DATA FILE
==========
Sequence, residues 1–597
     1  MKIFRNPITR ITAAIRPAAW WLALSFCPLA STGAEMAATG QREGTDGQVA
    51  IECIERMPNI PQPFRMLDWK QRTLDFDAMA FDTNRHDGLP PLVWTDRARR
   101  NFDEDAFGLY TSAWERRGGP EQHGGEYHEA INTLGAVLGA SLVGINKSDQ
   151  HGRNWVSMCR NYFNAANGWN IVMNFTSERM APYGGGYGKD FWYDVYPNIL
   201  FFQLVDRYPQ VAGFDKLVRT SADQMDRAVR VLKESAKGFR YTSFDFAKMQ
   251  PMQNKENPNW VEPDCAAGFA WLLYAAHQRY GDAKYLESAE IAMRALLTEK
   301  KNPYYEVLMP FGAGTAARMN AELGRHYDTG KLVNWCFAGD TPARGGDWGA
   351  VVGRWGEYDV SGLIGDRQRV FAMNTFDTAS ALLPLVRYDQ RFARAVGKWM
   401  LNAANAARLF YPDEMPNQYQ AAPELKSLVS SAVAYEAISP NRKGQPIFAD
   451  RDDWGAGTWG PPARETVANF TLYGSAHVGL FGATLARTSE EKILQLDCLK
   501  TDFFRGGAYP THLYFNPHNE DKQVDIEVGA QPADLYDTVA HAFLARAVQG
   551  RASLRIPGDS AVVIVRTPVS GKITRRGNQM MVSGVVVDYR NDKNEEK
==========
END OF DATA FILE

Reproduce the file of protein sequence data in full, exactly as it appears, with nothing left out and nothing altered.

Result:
Sequence, residues 1–597
     1  MKIFRNPITR ITAAIRPAAW WLALSFCPLA STGAEMAATG QREGTDGQVA
    51  IECIERMPNI PQPFRMLDWK QRTLDFDAMA FDTNRHDGLP PLVWTDRARR
   101  NFDEDAFGLY TSAWERRGGP EQHGGEYHEA INTLGAVLGA SLVGINKSDQ
   151  HGRNWVSMCR NYFNAANGWN IVMNFTSERM APYGGGYGKD FWYDVYPNIL
   201  FFQLVDRYPQ VAGFDKLVRT SADQMDRAVR VLKESAKGFR YTSFDFAKMQ
   251  PMQNKENPNW VEPDCAAGFA WLLYAAHQRY GDAKYLESAE IAMRALLTEK
   301  KNPYYEVLMP FGAGTAARMN AELGRHYDTG KLVNWCFAGD TPARGGDWGA
   351  VVGRWGEYDV SGLIGDRQRV FAMNTFDTAS ALLPLVRYDQ RFARAVGKWM
   401  LNAANAARLF YPDEMPNQYQ AAPELKSLVS SAVAYEAISP NRKGQPIFAD
   451  RDDWGAGTWG PPARETVANF TLYGSAHVGL FGATLARTSE EKILQLDCLK
   501  TDFFRGGAYP THLYFNPHNE DKQVDIEVGA QPADLYDTVA HAFLARAVQG
   551  RASLRIPGDS AVVIVRTPVS GKITRRGNQM MVSGVVVDYR NDKNEEK